1. Gathering client data, including goals.
    2. Analyzing and evaluating the client’s current financial status and their assets.
    3. Developing and presenting recommendations and/or alternatives.
    4. Implementing the recommendations.
    5. Monitoring the recommendations and updating the plan as needed.

    8. Due diligence is part of the job description. CFP® professionals are trained to perform a complete data-gathering process with all their clients, allowing them to see the big picture before making any recommendations to the client. Other financial professionals may or may not follow as thorough a process. 

    9. Continuing education is required. CFP® practitioners must take continuing education courses, annually, on topics specifically related to financial planning. This helps them stay abreast of the latest tactics, technologies and practices to benefit their clients.

    10. CFP® professionals are inclined to work with other advisers as part of a team. When a client’s situation calls for specialized expertise, a CFP® practitioner is trained to seek out other professionals to meet the client’s needs. Under the CFP Code of Ethics, CFP® professionals are required to recognize “when consultation with other professionals is appropriate or referral to other professionals [is] necessary,” and to act accordingly.

    Ultimately, “people deserve to know more about the people they are trusting with their hard-earned money,” says Jon L. Ten Haagen, CFP®, of Ten Haagen Financial Group in Huntington, NY. With an understanding of what sets a CERTIFIED FINANCIAL PLANNER™ professional apart from the crowd, they’re more likely to get the quality financial guidance they deserve.

    To find a CFP® professional in your area, visit the Financial Planning Association’s searchable database at www.PlannerSearch.org.

    March 2018 — This column is provided by the Financial Planning Association® (FPA®) of Iowa, the principle professional organization for Certified Financial PlannerTM (CFP®) professionals. FPA is the community that fosters the value of financial planning and advances the financial planning profession and its members demonstrate and support a professional commitment to education and a client-centered financial planning process.  Please credit FPA of Iowa if you use this column in whole or in part.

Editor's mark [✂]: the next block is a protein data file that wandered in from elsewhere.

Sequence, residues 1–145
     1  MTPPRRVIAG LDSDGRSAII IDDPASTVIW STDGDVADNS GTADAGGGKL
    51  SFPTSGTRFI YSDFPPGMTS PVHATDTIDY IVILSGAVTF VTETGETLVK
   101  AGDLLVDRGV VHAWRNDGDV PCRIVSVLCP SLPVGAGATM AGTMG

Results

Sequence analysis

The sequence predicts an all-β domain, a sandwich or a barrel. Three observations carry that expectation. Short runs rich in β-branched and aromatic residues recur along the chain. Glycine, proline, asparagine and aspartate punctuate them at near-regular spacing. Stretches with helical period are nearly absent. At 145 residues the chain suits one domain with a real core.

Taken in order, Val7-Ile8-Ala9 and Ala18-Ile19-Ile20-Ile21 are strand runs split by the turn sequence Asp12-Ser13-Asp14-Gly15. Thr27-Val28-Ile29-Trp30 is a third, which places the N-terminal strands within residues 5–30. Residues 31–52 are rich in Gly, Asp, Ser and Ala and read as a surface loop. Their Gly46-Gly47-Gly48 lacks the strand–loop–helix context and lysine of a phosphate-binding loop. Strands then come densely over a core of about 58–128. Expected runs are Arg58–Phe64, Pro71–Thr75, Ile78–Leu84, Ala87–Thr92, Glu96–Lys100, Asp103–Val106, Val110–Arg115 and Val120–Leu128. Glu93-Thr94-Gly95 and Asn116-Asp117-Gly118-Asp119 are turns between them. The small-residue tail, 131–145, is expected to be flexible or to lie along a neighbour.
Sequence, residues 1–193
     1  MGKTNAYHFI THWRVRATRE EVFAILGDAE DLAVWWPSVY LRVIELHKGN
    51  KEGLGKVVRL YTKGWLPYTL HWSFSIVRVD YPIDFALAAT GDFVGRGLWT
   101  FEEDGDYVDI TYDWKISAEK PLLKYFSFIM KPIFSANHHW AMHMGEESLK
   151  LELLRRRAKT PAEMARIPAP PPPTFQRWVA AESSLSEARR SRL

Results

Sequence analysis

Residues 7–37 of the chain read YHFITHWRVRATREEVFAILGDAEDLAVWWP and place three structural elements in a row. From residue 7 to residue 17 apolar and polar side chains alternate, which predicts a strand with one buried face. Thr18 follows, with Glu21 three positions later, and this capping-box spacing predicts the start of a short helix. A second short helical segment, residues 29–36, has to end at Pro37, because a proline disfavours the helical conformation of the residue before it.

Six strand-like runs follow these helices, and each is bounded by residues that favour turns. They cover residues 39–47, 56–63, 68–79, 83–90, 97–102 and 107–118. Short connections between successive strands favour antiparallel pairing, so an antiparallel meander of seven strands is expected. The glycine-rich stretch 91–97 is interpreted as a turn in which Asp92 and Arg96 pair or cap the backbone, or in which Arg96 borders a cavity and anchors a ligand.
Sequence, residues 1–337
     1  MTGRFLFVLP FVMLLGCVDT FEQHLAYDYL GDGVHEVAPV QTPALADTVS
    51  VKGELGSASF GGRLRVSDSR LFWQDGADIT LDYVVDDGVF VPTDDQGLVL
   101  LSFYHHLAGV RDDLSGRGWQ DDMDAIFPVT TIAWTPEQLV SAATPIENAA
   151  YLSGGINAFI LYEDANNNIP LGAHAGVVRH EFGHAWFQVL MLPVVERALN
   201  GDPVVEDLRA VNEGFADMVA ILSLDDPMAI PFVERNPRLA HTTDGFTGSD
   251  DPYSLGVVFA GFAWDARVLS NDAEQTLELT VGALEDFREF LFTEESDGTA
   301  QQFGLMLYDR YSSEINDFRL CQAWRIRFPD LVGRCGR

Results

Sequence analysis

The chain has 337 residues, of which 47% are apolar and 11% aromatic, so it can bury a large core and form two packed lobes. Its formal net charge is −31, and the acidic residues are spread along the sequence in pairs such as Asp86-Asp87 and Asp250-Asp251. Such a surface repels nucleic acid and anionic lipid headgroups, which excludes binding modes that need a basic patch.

The Financial Planning Association is the owner of trademark, service mark and collective membership mark rights in: FPA, FPA/Logo and FINANCIAL PLANNING ASSOCIATION.  The marks may not be used without written permission from the Financial Planning Association.

     

     

     

    Working Through Tough Financial Issues with Aging Parents

    For many families, it’s the elephant in the room: the necessary but potentially awkward discussions between aging parents and adult children about subjects like where the parents envision living as they grow older and more dependent on others, the role family members are willing (and not willing) to play in caring for an ailing parent, and, of course, how the potentially weighty financial responsibilities associated with elder care will be handled.

    As much as families tend to avoid talking frankly and openly about sensitive issues such as these, the best outcomes tend to be those in which a family addresses the “what-ifs” proactively, putting the issues on the table for discussion before a crisis forces their hand, says Sandra D. Adams, a CERTIFIED FINANCIAL PLANNER™ (CFP®) professional with the Center for Financial Planning, Inc., in Southfield, MI. “I suggest people talk about this stuff earlier rather than later, before there’s a real issue. Otherwise you end up having to make snap decisions in crisis mode, when emotions are running high and people maybe aren’t thinking as clearly as they need to be.”

    How, then, to banish the elephant in the room and start having these crucial conversations around the family dynamics of elder care? And, once the ice is broken, what issues to prioritize during the dialogue? Here are five suggestions to help initiate and frame the discussions:

    1.        Enlist an objective third party to facilitate and offer guidance. Chances are neither parents nor their children have been down this road before. What’s more, cross-generational discussions involving aging and family dynamics can be emotionally charged. “It’s not always easy to approach issues like these, especially if the parents don’t bring them up,” observes Adams, who holds a Master's degree in Gerontology, the study of aging, “which is why it makes a lot of sense to find a financial professional to facilitate these conversations. The financial professional can help mediate if the need arises, they can be the ones asking the tough questions, taking on sort of a ‘bad guy’ role so family members feel like they’re on the same side, and they can help find answers to those tough questions. Really they can take a lot of weight off a family’s shoulders.”